"The nurturing role is a tough one for men to deal with; men tend to be inward and not show emotions. Being vulnerable and opening up to children, telling them where you've blown it and asking for forgiveness is rare."

The Rev. Jim Schaedler of Metro Fellowship believes many men are abdicating their responsibilities both in the home and the church. "They're living self-centered lives," he said. "They use material advantages to justify lack of spiritual life."

He does a lot of marriage crisis counseling and finds "many men and women today do not have biblical values and are making decisions based upon their personal needs and desires, rather than biblical directives. I'm not in favor of divorce. I believe it wrecks our society.

"I believe the church can play a vital role by speaking to those topics regularly. We live in a day when prenuptial agreements are typical; if expectations are not fulfilled, that justifies severing the rela-tion-ship.

Fathering by example

"A man must set spiritual values in the home and nurture the children in spiritual values. He's not just to leave that to the church. He should teach them to pray, teach of his faith, show what it means to lead a godly life."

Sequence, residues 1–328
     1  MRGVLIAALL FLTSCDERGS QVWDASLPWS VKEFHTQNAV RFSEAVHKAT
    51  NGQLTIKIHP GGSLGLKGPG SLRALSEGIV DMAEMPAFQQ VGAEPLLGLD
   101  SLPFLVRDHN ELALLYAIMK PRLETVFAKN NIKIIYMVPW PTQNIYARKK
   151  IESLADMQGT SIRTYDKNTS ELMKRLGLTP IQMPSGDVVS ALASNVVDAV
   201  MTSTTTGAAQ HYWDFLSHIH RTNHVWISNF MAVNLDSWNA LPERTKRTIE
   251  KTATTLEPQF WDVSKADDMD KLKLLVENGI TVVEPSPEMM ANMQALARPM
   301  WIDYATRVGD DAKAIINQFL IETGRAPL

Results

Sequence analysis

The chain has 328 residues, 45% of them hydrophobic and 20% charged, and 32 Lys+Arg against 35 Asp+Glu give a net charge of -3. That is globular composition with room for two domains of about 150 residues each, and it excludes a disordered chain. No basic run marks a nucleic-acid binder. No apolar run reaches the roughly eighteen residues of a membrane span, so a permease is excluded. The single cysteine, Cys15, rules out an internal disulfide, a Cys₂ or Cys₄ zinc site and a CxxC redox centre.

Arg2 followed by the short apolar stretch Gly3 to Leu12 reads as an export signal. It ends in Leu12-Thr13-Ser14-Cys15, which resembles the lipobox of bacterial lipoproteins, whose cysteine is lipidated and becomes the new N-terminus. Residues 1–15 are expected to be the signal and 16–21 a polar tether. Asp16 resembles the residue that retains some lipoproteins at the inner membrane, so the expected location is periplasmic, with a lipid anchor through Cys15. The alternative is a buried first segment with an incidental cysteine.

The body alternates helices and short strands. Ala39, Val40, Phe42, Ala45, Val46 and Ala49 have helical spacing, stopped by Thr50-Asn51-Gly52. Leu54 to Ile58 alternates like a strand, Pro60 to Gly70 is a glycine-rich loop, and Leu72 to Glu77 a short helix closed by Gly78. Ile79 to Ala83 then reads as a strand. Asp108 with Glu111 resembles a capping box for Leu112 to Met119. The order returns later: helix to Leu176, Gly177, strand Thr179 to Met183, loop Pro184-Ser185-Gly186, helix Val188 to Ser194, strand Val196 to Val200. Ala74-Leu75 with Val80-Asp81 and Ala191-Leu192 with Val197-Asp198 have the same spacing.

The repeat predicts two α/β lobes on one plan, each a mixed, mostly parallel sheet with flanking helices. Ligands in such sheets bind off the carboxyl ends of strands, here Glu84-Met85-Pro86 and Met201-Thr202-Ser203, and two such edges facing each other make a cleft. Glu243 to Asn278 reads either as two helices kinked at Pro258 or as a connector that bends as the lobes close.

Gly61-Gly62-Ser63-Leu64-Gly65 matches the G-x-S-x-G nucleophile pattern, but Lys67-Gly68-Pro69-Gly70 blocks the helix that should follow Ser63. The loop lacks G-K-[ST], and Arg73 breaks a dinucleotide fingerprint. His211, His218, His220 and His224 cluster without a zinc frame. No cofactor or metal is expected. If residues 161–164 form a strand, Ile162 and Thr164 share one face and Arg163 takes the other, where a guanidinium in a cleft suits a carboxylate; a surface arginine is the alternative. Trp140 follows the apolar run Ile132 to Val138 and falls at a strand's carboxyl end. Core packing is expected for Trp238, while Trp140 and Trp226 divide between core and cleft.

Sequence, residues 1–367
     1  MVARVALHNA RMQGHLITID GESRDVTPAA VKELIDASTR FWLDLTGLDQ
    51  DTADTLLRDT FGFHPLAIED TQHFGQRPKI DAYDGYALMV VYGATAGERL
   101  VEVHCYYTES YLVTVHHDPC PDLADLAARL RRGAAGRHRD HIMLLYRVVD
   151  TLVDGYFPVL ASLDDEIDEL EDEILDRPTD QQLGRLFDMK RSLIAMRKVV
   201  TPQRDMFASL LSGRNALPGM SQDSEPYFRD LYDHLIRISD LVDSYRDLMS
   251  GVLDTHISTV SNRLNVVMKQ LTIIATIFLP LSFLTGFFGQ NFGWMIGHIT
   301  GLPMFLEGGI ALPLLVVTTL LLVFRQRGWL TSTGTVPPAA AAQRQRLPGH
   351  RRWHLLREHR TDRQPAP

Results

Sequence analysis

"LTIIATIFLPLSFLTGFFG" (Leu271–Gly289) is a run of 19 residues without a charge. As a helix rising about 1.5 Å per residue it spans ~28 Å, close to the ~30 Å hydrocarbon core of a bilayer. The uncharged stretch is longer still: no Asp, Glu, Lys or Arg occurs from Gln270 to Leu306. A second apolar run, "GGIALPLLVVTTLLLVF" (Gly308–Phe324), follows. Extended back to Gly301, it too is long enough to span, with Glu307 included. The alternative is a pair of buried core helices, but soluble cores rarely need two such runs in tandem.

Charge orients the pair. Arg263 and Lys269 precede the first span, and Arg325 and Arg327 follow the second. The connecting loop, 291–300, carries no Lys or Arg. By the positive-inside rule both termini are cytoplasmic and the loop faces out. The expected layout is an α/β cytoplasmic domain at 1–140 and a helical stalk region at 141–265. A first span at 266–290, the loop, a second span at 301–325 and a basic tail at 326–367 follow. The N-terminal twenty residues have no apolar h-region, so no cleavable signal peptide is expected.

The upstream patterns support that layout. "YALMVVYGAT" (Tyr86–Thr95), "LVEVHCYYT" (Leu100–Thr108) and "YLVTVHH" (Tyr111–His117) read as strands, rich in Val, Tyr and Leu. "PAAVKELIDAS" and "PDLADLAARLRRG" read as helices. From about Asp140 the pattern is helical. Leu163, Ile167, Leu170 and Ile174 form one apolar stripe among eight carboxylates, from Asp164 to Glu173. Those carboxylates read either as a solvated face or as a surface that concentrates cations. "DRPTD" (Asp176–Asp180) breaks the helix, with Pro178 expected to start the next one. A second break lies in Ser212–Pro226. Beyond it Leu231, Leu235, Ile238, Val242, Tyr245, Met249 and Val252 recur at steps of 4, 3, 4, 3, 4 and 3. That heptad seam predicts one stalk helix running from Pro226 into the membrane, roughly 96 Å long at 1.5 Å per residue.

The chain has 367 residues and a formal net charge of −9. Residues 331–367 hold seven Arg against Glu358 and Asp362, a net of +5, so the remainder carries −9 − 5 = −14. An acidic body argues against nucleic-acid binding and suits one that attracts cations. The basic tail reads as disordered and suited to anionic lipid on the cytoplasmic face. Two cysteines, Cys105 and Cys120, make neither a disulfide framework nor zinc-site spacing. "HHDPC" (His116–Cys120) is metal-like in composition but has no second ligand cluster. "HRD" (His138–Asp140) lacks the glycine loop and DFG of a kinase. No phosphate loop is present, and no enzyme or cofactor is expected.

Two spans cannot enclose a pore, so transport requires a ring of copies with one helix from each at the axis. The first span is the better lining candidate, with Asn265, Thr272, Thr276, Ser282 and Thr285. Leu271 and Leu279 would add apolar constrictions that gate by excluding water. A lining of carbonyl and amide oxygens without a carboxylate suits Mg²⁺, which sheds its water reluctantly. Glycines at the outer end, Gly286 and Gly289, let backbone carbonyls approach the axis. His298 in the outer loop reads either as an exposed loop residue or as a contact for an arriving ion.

To some extent, the issues in the Catholic Church are different because of its ban on divorce, according to Father Joseph Mayo of St. Francis Xavier Catholic Church.

"It's an inherent responsibility for a Christian to be a good father, to care for the home and be there."

If it's difficult - and it often is, he said - there are programs like marriage counseling available.

"We don't recognize divorce, so we believe in the integrity of the family."

The roles of parents have changed, he said. Both parents commonly work, so there's a definite need for programs like Catholic Elementary School's latchkey program. Families have become more flexible. If the woman is more the wage earner, Mayo said, the man takes on the responsibility of dealing with the household, educating the kids, caring for them and feeding them.

"That creates a difficulty. There may be less time for the things you'd like to do when both people work. But it's important."